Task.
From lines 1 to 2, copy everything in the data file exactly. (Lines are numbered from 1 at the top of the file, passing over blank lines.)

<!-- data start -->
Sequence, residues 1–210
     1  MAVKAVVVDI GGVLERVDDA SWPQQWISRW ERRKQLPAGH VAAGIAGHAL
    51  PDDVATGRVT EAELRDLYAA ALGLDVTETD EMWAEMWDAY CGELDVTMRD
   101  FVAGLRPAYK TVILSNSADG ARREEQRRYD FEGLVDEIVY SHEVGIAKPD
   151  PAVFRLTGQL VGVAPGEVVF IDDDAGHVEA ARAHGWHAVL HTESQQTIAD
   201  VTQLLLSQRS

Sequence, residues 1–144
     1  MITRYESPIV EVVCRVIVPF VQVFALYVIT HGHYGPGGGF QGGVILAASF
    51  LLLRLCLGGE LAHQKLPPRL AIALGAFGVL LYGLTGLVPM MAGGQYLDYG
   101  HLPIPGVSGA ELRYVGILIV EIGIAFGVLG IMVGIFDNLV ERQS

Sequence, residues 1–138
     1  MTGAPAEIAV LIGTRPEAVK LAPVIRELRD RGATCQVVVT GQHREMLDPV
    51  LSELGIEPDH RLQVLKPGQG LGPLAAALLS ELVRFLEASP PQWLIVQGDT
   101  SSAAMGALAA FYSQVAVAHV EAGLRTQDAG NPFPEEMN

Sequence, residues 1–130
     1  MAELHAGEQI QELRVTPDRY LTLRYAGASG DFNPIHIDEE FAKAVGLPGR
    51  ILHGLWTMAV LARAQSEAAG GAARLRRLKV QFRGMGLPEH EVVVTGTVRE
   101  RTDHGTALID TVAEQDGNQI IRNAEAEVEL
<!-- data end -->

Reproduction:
Sequence, residues 1–210
     1  MAVKAVVVDI GGVLERVDDA SWPQQWISRW ERRKQLPAGH VAAGIAGHAL